of a physical therapy clinical reviewer
Part 1 Sing-A-Long
To the tune of “A Day In The Life” by John Lennon/Paul McCartney. Lyrics by me 🙂
I was in the news today, oh boy
Just a lucky man who made the grade
And though the news was rather glad
Well, I just had to laugh
I saw the photograph
I blew my soul out in a clinic
I had noticed clinic life had changed
The crowd of patients stood or stared
They’d become numbers filed in a drawer
Not really knowing what career was being worked towards
I worked from home today, oh boy
Took my kids to school in the car
While a crowd of people drove away
But I just had to look
At all that time it took
I’d love to tell you more:
Woke up, fell out of bed
Dragged a comb across my head
Found my way downstairs and drank a cup
And looking up I noticed I was (not) late
Didn’t need my coat or my hat
Donned slippers in seconds flat
Made my way upstairs to start at work
Logged on and checked the emails from my team
I read the PT notes today, oh boy
Four thousand visits all from my peers
And though they said they were to prevent a fall
I then had to count them all
Now they know how many visits they get to prevent that fall
I’d love to show you.
Part 2 The Narrative
When I was first converted to a new life as a clinical reviewer I tried to hide it from all of my professional friends and colleagues. When asked at conferences or meetings what I was up to I came up with sly, vague updates like, “Oh I am just doing some therapy work from home”, “I found some consulting in authorizations” or “LOOK! A squirrel!! (followed by a quick exit)”. Over time though, I have come to realize there is good reason for clinical review and utilization management. More so, I have found there are MANY with desires to be in the same type of work. Many that have discovered, for them, that clinic business is not what they had pictured and there must be something different. I will likely share much about my experiences and work through out other posts. To share what I have learned about our profession and what we can each do to uplift physical therapy. First though. I want to give some perspective on what I do as a clinical reviewer each day.
Please understand that there are many companies that offer rehab clinical review positions. Not all of them will have the same work standards and policies. This is just a look into my day. There will certainly be similarities, but I am just one individual. With that said . . .
Yes, I have worked in my pajamas before. It was cool the first 30-40 times. It can start to be a bit depressing though. I have since upgraded to sweatpants. That happened after the one day I went to pick up my kids from school and realized I was at their school in my pajamas. Yeah, that was rock bottom!
Currently, I am scheduled to start work in the late morning every day. The company I work for has to cover being “open for business” from 8-6 PM for EST, CST, MST, PST time zones within my division. So I am one of later workers. My commute consists of 12 stairs and about 5 ft of hallway. I do have a set schedule and I do clock in. I don’t get to just work whenever. I have a company computer that logs me into their site. I check messages and updates and then pretty much get working. There are about 30 remote reviewers on the team I work on. All are rehab professionals of one sort or another, PT, OT, Chiro, Speech. For each of us, our primary work is to review requests for additional skilled care services sent in by providers. It sounds basic, but there is so much more to it.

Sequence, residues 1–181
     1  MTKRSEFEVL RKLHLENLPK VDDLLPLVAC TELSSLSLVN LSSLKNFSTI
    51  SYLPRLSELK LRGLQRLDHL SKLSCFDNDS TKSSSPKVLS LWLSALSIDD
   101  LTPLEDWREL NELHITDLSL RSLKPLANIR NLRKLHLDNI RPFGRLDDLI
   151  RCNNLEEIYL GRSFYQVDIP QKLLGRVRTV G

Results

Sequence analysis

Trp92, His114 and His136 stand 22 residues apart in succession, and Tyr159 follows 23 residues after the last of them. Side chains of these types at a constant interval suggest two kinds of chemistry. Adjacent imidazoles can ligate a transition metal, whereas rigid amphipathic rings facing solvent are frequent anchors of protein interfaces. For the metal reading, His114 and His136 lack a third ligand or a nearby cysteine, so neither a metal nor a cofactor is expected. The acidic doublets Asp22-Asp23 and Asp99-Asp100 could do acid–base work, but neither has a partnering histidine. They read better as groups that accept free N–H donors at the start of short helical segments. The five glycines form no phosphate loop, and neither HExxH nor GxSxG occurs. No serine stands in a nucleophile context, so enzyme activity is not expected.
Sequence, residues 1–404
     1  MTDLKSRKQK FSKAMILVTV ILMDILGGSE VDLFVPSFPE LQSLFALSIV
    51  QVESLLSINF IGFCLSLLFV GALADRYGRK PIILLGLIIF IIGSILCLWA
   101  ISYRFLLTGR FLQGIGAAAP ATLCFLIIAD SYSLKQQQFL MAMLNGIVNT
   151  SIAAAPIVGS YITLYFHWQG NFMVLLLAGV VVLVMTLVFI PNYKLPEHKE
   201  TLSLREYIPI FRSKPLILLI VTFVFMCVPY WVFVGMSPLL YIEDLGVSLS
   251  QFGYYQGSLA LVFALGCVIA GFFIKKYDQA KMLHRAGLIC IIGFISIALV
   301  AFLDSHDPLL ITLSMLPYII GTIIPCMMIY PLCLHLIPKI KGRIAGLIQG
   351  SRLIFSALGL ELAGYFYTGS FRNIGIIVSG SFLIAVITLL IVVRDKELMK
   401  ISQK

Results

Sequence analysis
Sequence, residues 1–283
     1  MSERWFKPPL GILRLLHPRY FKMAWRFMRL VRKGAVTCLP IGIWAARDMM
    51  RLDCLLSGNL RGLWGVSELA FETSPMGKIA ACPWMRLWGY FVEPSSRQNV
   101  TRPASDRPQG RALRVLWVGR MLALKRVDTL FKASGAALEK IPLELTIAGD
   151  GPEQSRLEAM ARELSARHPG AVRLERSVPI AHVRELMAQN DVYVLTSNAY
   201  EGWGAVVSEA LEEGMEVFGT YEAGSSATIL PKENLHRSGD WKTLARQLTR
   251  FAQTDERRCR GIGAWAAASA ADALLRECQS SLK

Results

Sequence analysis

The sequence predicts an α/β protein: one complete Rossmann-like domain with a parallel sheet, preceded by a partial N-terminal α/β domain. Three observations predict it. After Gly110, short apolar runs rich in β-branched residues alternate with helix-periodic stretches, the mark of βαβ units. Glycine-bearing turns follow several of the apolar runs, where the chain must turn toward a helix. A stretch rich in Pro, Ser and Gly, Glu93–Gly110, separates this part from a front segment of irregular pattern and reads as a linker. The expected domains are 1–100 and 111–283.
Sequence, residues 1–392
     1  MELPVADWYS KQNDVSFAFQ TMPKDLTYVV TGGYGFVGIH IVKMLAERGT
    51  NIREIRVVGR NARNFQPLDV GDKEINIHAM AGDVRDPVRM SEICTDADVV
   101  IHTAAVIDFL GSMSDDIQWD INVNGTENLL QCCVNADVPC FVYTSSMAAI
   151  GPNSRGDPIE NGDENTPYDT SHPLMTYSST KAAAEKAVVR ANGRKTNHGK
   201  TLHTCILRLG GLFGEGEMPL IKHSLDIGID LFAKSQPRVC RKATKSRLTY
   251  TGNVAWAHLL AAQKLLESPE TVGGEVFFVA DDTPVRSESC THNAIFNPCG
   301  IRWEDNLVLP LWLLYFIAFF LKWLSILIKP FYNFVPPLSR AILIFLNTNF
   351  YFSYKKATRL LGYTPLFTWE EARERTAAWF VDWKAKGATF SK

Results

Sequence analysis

Once I am logged in and ready the cases start coming! I work one case at a time (as does everyone else). Request cases are defined by a few different identifiers: diagnosis, age, and provider type are the primary ones. Based on my clinical experience I review primarily orthopedic physical therapy and occupational therapy cases. I do have the ability to help with some neurological cases as well. I do not review pediatric cases. Those are done by pediatric specialists. (I am currently doing some puppy clinical review cases though as everyone knows those are the first step before taking on children).
Reviewing a case can vary based on the case. I am required to look at all the clinical information provided by the physical therapist, etc. First steps are to make sure the information matches with the patient in the system and type of care requested. I have to check the state and health plan company as each has different requirements we must follow. From there I review the current information provided. Then I review past information provided as far as needed to see patterns, progress, lack of progress and just get an understanding of what is going on. Once I can determine if significant progress has been made or not over an appropriate time frame then I have to look at when care started and what the current plan of care is assessing of the situation. This gets compared with clinical practice guidelines.